One of the last international groups providing healthcare in capital says it can’t work if ‘threatened by violence’.
The international medical charity Doctors Without Borders (Medecins Sans Frontieres, or MSF) is indefinitely suspending work at an emergency medical centre in the Haitian capital, Port-au-Prince, after an armed group pulled a critically ill patient from an ambulance and shot him dead in the street.
“We need a minimum of safety to carry out our medical mission. We can’t work if our medical mission is threatened by violence,” Benoit Vasseur, MSF’s head of mission in Haiti, said in a statement on Friday.
MSF is one of the few remaining international organisations delivering medical care in the capital, which is largely controlled by powerful gangs that have forced nearly 200,000 people from their homes, with many reporting houses burned down, arbitrary murders, kidnappings and gang rapes.
The attack took place on Tuesday when an MSF ambulance convoy was leaving the medical centre in the area of Turgeau, in central Port-au-Prince, for patient transfers.
“They beat on the hood of the ambulance and fired shots in the air. They looked inside the first ambulance and ordered the second ambulance to return to the Emergency Centre. They took the patient out of the first ambulance by force. They then beat him and shot him several times. When he was dead, they fled the scene,” MSF said in its statement.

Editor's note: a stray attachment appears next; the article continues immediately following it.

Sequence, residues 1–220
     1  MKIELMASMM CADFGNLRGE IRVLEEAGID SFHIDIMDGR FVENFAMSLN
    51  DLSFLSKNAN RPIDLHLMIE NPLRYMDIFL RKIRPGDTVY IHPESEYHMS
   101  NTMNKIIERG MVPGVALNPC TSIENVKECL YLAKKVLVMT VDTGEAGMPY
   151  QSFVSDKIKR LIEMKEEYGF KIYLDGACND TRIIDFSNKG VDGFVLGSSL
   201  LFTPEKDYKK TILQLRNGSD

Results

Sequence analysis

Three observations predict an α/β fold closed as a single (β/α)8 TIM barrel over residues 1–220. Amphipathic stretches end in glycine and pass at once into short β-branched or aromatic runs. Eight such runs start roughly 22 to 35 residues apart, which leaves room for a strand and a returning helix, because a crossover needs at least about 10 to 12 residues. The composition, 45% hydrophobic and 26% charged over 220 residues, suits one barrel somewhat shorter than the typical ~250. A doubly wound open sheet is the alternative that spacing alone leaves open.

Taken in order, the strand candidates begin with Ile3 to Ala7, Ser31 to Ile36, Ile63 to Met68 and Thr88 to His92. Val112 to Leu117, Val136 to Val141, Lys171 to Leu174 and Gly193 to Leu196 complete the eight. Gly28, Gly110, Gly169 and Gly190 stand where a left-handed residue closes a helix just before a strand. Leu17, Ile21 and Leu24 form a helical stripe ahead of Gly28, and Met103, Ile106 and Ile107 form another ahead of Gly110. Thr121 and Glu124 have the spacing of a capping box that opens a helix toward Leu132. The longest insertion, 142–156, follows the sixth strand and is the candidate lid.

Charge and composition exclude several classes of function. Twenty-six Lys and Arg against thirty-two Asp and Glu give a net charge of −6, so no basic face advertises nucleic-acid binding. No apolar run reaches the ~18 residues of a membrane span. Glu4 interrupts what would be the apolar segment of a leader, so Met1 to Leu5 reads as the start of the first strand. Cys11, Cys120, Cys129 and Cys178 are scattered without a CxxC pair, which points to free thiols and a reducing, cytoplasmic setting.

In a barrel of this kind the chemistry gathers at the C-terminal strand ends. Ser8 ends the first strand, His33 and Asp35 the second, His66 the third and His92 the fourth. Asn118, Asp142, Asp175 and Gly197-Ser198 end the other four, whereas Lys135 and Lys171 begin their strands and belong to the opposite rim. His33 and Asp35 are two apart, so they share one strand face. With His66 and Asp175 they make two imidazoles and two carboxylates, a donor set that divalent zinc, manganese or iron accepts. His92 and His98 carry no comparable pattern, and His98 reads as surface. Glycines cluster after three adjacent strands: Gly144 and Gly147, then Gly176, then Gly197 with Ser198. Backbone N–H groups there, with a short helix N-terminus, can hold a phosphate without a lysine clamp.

The centre treats 80 to 100 patients per day.
A string of attacks on patients is threatening our ability to provide care in Port-au-Prince, #Haiti. The latest attack, in which a patient was pulled from an ambulance and killed, has led us to indefinitely suspend activities in Turgeau emergency centre.https://t.co/uopVljxhwW
— MSF International (@MSF) December 15, 2023
“We can’t accept that our ambulances are attacked, and our patients are beaten and killed,” said Vasseur.
“We can see the Haitians are desperate and furious. They are subjected to terrible cruelties on a daily basis,” Vasseur added. “We are direct witnesses of it: rape, torture, murder attempts. All our medical services are here to provide care to people in the midst of this violence.”
Escalating gang violence
Haiti has been grappling with high levels of gang violence, which worsened in the power vacuum caused by the assassination of President Jovenel Moise on July 7, 2021.
The violence has impeded access to healthcare facilities, forced the closure of schools and clinics, and worsened already dire food shortages by cutting residents in gang-controlled areas off from critical supplies.
The United Nations estimates that 5.2 million people, nearly half the population, currently require humanitarian assistance. Gang violence has displaced about 200,000 residents and killed 3,000 people this year alone, with 1,500 more kidnapped for ransom.
In July, MSF temporarily closed another hospital in Tabarre, near Port-au-Prince, after an armed attack that threatened the group’s staff and saw the forcible removal of a patient from the facility.
Another MSF hospital in the violence-plagued Port-au-Prince neighbourhood of Cite Soleil was temporarily closed in March after it said “heavily armed rival groups” were engaged in violent battles “just metres” from the facility.
In October, the United Nations Security Council gave the go-ahead for a Kenya-led mission to help the overwhelmed Haitian police.
But many Haitians – including leading rights groups in the country – have cautioned against sending foreign forces into a country with a long and painful history of foreign interference.